Plasma very-low-density lipoprotein, low-density lipoprotein, and high-density lipoprotein oxidative modification induces procoagulant profiles in endogenous hypertriglyceridemia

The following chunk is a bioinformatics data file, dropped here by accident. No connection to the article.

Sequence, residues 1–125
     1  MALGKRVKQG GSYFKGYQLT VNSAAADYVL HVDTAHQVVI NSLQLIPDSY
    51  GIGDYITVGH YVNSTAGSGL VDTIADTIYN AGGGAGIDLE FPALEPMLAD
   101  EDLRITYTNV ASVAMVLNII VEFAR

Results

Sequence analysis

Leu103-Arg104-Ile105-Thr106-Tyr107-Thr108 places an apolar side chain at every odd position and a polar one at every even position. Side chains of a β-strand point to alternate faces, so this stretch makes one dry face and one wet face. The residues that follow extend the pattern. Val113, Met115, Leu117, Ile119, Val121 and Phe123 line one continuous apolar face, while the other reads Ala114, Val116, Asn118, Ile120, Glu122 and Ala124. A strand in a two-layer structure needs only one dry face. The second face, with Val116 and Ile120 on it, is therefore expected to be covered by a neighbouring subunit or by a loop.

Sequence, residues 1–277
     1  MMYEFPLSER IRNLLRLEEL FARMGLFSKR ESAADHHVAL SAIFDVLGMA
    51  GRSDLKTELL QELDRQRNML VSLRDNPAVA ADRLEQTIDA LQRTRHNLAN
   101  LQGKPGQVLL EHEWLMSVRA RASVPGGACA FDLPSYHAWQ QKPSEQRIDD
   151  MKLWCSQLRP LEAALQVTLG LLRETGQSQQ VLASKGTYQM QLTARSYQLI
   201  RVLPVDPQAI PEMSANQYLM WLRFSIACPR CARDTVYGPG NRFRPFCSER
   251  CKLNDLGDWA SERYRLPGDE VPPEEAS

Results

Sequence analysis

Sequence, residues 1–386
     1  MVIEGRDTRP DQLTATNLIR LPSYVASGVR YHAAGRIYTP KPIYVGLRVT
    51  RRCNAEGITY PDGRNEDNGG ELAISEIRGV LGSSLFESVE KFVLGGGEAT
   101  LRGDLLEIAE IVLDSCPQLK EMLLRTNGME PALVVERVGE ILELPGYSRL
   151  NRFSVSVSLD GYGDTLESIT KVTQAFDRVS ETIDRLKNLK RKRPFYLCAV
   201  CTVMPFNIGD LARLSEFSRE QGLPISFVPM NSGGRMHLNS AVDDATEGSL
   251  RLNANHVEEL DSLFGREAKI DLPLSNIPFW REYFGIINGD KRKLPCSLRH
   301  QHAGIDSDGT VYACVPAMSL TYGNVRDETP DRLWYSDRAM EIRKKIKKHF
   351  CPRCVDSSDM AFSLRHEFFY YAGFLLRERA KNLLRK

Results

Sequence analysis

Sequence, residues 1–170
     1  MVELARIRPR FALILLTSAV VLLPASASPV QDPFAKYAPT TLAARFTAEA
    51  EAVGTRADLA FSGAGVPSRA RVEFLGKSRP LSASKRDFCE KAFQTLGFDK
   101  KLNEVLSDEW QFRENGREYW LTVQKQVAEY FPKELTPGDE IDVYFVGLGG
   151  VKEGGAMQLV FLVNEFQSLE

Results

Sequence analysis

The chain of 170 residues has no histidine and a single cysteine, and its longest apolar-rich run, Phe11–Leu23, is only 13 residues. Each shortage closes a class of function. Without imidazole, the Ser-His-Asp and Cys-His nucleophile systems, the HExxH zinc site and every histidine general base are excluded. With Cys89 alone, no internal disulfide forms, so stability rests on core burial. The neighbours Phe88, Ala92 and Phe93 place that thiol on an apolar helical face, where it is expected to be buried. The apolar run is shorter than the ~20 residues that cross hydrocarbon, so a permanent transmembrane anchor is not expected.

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This study was to investigate whether oxidatively modified lipoproteins were associated with changes of pro- and anticoagulant profiles in hypertriglyceridemic subjects. Plasma VLDL, LDL, and HDL were isolated with the one-step density gradient ultracentrifugation method. The oxidation of the lipoproteins was identified. Prothrombin time (PT) and activated partial thrombplastin time (APTT), tissue plasminogen activator and plasminogen activator inhibitor-1, and platelet aggregation rate were determined with a reaction system consisting of mixed fresh normal plasma, in endogenous hypertriglyceridemic (HTG) patients, in in vitro modified lipoproteins from a normolipidemic donor, and in experimental rats. The results indicated that oxVLDL, oxLDL, and oxHDL occurred in the plasma of HTG patients. Compared with the control group, PT and APTT, incubated with plasma VLDL, LDL, or HDL from HTG patients, respectively, were significantly reduced, while platelet maximal aggregation rates were significantly higher (P < 0.05–0.01). Similar procoagulant profiles were observed in in vitro modified lipoprotein components and in rats with intrinsic hypertriglyceridemia as well. These results support our previous finding that LDL, VLDL, and HDL were all oxidatively modified in vivo in the subjects with HTG, and suggest that procoagulation state may result from the abnormal plasma lipoprotein oxidative modification in vivo.

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